night with stars and mountains

Large and small tragedies abound. Some are unimaginably horrific, putting the tiny ones in perspective. Anne Lamott, in her beautiful book Dusk, Night, Dawn, writes about a horrific tragedy that occurred in the life of a woman named Ali.

Ali might have been a person who drank too much alcohol. Ali was definitely a person who did a very terrible thing—a horrifically tragic thing—that probably resulted from drinking too much alcohol.

Lamott, writing as an alcoholic who is now sober, doesn’t take the usual perspective of tragedy. No; instead, she writes about Ali:

“The nearly impossible work that Ali faces—and that we all face—will be to forgive herself. This will take time. Time takes time. I hate this.”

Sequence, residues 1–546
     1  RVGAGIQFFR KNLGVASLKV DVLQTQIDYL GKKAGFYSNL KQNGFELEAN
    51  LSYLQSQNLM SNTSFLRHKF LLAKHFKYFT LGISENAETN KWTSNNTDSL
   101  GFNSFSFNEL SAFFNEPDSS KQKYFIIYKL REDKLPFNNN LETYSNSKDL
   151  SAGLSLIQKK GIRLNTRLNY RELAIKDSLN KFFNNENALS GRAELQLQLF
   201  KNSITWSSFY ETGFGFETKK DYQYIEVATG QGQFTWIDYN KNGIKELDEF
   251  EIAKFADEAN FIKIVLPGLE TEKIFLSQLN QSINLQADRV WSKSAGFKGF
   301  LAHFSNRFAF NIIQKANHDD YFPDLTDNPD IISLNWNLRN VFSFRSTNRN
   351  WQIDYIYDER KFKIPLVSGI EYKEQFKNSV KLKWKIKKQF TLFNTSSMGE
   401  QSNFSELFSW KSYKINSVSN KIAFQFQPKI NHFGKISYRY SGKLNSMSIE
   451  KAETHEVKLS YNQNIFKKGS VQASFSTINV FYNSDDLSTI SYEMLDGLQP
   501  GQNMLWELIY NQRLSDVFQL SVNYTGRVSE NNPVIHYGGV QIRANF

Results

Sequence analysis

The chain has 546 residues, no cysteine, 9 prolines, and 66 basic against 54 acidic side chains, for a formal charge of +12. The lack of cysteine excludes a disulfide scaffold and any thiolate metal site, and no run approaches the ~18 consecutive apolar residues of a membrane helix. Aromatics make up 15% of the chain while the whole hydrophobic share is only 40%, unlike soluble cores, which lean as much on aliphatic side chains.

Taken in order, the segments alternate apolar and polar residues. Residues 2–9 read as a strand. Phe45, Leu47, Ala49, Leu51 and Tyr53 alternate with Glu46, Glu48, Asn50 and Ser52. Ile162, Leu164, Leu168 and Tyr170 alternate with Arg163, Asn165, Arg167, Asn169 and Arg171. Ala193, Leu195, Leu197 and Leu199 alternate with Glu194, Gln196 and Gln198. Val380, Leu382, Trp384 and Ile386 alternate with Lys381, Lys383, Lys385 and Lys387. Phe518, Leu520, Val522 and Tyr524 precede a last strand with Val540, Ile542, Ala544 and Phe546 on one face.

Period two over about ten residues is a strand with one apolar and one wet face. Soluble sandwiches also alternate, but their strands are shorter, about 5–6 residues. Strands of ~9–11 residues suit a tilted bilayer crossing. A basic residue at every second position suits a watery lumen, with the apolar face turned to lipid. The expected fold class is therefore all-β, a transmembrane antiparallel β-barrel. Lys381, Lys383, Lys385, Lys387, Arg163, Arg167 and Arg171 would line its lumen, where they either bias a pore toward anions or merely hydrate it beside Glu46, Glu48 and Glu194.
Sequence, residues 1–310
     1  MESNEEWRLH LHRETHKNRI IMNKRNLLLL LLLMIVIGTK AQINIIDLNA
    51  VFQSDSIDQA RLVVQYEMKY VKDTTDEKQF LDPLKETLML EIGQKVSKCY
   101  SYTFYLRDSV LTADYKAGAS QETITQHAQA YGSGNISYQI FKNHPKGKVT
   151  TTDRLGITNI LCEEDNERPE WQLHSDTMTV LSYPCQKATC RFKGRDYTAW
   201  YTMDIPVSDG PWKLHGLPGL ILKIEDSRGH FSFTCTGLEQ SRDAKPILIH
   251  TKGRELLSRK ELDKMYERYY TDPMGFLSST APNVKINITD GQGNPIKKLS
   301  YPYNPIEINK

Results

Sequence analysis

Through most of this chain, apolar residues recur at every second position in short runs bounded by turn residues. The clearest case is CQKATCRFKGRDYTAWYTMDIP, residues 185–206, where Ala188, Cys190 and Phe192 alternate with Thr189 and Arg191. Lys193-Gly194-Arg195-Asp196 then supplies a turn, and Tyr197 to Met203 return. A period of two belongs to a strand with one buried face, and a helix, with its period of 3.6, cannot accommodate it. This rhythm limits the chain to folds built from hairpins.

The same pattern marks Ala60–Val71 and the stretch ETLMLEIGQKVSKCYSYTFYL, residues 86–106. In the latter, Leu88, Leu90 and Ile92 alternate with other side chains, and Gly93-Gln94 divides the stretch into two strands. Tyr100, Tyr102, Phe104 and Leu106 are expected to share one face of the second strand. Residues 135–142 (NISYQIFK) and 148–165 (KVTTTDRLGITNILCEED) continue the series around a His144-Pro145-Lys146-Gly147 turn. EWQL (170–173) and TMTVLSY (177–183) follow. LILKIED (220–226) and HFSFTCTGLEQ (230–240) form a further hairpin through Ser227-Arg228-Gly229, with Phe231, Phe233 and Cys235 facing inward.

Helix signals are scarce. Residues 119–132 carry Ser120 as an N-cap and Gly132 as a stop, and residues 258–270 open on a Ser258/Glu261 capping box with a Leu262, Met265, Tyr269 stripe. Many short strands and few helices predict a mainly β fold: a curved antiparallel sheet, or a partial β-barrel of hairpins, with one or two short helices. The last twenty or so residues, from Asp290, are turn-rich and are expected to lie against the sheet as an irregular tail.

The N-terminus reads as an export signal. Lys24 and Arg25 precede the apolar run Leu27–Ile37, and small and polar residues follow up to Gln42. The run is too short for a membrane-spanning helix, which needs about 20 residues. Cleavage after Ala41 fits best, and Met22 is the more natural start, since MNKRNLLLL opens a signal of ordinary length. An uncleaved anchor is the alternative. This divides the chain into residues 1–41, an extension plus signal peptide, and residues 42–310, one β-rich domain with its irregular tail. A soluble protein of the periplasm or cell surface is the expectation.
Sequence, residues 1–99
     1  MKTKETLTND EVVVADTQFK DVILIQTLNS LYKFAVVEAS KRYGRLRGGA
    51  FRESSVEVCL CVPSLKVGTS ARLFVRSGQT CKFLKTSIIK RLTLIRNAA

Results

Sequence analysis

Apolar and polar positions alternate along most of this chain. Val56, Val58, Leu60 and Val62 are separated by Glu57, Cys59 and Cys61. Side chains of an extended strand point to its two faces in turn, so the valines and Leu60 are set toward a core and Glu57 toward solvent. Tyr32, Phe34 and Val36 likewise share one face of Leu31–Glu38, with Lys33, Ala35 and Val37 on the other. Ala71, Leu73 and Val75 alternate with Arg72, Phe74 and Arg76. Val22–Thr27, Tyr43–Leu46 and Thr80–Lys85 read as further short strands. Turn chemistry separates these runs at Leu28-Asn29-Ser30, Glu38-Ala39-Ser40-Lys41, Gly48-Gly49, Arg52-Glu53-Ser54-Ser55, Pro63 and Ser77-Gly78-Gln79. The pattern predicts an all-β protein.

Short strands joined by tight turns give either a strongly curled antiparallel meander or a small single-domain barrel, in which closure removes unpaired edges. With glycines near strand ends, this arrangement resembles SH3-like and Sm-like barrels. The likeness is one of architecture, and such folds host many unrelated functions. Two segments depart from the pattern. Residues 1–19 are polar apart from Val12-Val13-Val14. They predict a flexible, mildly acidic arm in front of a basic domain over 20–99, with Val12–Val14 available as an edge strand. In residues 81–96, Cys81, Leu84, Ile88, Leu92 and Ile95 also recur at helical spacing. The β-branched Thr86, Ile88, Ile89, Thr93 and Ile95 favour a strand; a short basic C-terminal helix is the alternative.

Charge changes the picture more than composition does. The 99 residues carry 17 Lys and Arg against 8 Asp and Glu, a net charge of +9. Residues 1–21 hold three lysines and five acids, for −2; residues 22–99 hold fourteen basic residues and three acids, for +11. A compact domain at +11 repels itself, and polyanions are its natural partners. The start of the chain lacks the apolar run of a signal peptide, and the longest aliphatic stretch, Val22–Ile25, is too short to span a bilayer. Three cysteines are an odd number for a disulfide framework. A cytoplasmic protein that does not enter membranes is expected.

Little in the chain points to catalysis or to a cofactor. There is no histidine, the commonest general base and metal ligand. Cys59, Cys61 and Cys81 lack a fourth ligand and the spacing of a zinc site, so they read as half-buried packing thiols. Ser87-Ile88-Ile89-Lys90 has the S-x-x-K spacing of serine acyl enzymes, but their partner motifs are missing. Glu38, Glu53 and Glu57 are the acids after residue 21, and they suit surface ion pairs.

Passion and compassion, with a dose of cathartic humor, catching the reader by surprise. Such is the stuff Dusk, Night, Dawn is made of.

After a tragedy, whether large, medium, or small, how to heal? Self-forgiveness seems like a good aspirational goal. After all, we’re only human.

And time is only time. Self-forgiveness takes time, and so do other difficult things. When I think about my long road to concussion recovery, I feel bleak. But my friends remind me (those friends again—so important!) that time heals. It really does.

Are you on the healing path of time?

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